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Why Is Trump the Failure of the U.S. Democracy?

Sep 14, 2016

The chaotic 2016 US presidential election has highlighted the defects of the US election system and the dysfunction of democracy. The new email-gate uncovered by the release of the Democratic National Committee emails stunned the world, and showed that the so called fair election is nothing more than a lie. Meanwhile, whether the outspoken and reckless real-estate mogul Donald Trump wins the race or not, he has irreversibly damaged the US democracy already.

First, if the new version of email-gate accurately revealed the black box of how party elites manipulated the presidential election, the game of US democracy should be questioned. Even if their plots were not carried out, it astonished and alerted people outside the political circle. On the one hand, the party establishment and the Democratic National Committee violated the neutrality principle by working with the Hillary Clinton campaign team to help Clinton clinch the nomination. For this purpose, they attempted to attack her rival Bernie Sanders’ ethnic identity as a Jew as well as his religion. They went so far as to plan cyber attacks on the supporters of Sanders. When the scandal was uncovered, the supporters of Sanders were furious but the candidate himself was calm, as if unsurprised by the shenanigans against him.

Meanwhile, the Democratic camp made great efforts to defame Trump by highlighting his discriminatory words against women, the disabled, the minority groups, his past bankruptcies, edgy temperament that Democrats said made him unfit to be the president. It is very interesting that this is actually the image the mainstream news media conveyed to the audience and readers. Such negative campaign strategy obviously has tarnished the so called fair and transparent election system in which Americans take pride. Meanwhile, Hillary Clinton was never treated this way by the news media, although she also had numerous scandals that were difficult to shake off. What’s more, when the email-gate was uncovered, the Obama administration and Clinton campaign team wasted no time condemning Russia as the black hand behind the scandal, which made people suspect they were trying to put the issue behind them by making Russia a scapegoat.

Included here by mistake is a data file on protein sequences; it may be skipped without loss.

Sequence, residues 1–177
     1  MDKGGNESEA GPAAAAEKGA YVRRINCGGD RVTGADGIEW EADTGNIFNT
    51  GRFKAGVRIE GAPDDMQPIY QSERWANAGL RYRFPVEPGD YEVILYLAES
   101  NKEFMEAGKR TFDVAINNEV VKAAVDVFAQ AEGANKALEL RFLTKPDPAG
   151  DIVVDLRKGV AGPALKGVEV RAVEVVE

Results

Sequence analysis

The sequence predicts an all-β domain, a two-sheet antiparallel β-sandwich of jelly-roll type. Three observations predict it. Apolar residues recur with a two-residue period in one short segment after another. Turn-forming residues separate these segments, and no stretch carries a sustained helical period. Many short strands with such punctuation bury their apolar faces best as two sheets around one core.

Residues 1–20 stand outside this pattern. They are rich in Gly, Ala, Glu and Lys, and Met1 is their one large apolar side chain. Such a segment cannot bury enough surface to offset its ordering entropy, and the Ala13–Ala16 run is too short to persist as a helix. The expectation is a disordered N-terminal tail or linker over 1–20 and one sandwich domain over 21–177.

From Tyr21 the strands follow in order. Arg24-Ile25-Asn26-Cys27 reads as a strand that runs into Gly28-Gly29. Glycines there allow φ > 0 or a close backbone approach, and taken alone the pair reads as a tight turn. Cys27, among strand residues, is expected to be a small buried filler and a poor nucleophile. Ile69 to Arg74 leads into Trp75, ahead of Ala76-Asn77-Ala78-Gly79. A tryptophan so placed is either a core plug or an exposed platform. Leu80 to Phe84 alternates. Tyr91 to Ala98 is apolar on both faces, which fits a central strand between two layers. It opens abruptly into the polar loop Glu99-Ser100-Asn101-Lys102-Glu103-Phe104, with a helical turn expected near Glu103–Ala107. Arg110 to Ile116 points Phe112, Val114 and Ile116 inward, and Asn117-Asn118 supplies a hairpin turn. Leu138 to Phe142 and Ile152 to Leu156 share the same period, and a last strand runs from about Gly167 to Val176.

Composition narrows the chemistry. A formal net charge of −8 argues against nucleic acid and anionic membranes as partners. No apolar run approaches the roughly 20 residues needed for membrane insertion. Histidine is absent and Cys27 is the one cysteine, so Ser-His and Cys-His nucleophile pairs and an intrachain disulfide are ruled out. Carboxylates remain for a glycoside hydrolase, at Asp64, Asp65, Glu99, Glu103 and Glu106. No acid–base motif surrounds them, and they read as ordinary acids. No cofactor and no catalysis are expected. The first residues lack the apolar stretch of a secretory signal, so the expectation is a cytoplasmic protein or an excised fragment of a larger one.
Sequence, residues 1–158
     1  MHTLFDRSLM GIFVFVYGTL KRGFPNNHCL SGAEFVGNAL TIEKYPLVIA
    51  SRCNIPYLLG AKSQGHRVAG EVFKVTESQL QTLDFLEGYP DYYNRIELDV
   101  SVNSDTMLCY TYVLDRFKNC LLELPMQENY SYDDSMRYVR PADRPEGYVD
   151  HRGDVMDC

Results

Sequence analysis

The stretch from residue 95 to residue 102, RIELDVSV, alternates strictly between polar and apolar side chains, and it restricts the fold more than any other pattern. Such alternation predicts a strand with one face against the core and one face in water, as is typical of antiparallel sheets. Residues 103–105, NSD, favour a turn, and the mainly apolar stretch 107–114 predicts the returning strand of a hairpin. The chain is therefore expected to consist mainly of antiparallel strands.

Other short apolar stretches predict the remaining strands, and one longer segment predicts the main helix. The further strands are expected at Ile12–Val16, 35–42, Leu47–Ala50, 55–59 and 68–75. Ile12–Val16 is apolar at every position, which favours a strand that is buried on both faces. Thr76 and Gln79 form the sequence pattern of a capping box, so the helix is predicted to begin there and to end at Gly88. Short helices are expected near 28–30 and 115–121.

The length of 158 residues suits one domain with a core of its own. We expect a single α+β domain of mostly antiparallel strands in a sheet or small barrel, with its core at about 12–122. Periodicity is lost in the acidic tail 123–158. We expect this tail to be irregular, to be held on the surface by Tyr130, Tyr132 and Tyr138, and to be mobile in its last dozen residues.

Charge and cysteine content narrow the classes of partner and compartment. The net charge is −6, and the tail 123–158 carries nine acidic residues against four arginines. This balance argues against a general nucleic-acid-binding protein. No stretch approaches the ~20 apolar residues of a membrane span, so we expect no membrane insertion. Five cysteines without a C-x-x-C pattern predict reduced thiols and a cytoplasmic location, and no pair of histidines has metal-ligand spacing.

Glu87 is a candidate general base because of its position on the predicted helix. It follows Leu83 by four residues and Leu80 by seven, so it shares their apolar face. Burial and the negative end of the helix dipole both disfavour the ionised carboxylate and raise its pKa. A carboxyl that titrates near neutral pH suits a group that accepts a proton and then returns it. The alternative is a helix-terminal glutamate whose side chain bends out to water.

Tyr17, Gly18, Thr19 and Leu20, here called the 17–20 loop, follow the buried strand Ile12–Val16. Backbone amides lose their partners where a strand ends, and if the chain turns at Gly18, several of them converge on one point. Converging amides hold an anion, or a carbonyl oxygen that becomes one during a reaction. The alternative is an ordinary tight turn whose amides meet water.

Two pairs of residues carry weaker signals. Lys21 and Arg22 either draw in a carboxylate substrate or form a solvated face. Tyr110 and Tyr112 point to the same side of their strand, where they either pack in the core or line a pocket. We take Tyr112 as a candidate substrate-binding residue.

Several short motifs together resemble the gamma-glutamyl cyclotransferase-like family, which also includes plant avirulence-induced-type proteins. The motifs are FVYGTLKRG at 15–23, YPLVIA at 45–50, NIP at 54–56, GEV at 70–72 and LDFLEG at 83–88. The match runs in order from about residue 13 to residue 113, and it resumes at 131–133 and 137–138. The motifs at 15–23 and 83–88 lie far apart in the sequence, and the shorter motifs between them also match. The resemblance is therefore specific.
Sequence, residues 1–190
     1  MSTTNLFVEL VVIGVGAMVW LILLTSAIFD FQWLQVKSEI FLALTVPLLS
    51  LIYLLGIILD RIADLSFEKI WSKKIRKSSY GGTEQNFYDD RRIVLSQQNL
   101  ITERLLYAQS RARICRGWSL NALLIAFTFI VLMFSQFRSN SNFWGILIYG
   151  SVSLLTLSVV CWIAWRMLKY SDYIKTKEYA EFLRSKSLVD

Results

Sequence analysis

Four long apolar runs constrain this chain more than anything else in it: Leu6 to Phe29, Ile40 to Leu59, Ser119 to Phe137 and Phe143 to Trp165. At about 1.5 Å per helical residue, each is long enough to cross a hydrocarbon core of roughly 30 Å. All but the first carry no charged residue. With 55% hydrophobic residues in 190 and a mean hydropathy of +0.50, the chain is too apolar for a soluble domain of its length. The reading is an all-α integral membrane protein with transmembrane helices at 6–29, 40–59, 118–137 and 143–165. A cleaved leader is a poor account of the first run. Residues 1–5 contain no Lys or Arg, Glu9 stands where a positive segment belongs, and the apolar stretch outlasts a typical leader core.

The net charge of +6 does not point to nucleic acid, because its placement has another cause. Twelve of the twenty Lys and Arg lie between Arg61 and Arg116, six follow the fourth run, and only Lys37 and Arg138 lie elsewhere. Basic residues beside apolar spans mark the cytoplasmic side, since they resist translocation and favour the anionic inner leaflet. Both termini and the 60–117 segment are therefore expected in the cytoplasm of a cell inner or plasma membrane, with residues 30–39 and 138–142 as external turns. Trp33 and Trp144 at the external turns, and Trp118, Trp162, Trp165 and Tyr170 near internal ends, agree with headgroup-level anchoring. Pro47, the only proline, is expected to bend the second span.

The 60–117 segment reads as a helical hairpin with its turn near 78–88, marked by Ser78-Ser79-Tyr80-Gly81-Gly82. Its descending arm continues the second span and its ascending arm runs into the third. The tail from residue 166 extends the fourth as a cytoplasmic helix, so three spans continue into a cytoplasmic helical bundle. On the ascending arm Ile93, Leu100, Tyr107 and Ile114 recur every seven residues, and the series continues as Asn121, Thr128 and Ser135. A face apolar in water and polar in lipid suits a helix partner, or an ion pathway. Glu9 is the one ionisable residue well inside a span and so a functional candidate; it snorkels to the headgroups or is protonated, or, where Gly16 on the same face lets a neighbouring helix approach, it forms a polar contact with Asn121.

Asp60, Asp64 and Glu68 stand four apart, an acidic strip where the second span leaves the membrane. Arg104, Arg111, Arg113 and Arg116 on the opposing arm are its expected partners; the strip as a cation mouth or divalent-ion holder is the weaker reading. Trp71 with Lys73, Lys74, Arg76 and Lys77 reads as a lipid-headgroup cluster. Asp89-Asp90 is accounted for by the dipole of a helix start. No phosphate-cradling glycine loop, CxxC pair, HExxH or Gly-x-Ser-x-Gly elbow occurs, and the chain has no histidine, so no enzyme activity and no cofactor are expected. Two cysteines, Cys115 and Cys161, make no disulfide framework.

Second, the inherent defects of the US election system cannot prevent a radical candidate like Trump to win the primary election. The de facto two-party system and the winner-takes-all delegates counting system make the radical candidates more popular in the primary. Therefore, the moderate and rational candidates could not stand out without support from the more extreme voters in the early races. In the primary elections, the two party’s national conventions can actually function as the goal-keeper. Together with the electoral college, the party’s national conventions are designed to work as the cooling system, which was created by the founding fathers of the US to prevent a demagog from hijacking the public and winning the race. In fact, the Republican National Committee could easily have adjusted the rules and prevented controversial Trump from being nominated. However, the RNC chose not because the anti-establishment sentiment was so strong that the traditional candidates like Jeb Bush and Marco Rubio would have less chance to win, and the GOP could not find any capable alternative to replace Trump in such a short time. So they had to accept the hard reality and stand behind Trump to fight against Hillary Clinton.

Third, democracy had to yield to populism when the party was hijacked by the radical politician. The nomination of Trump clearly showed that GOP was not able to control the process of election. Nor could GOP abandon the radical candidate, but rather had to flow with the populist trend. Thus, democracy had been distorted and did not reflect the people’s will, and they would not benefit from the result either. In the post-Cold War era, globalization has hastened the economic inequality. The financial crisis just made the middle class shrink and the lower classes more discontent. Politically, ever since Clinton administration, party politics has widen the gap between the elites and the grassroots. Politicians made irresponsible promises for sake of election, but broke their word after being elected. It resulted in the overwhelming anti-establishment sentiment in this election year. Trump is very smart in making good use of the sentiment and succeeded in a hostile takeover of the Republican party.

Finally, no matter whether Trump wins the election or not, we are seeing the failure of US democracy. Even if he failed, which seems to be quite possible considering his drifting polls, he has irreversibly damaged the US democracy with his radical rhetoric. Meanwhile, Trump has forced Americans to face the inconvenient truth of their democracy and the dark side of US society. The discrimination against the minority groups, the disparity between the rich and the poor and the money politics would not disappear just because the mainstream chooses to ignore them. Because there is big donors’ manipulation of the election, both party candidates called for reform of the campaign finance rules; and because there is the unchecked influence of interest groups upon the government’s policy making, both candidates promised to restrain the lobbyists’ role in the government. In the 2016 presidential election, the right wing and the left wing have reached one important consensus: That is, the special interest groups have “hijacked” the government and the US needs political reform.

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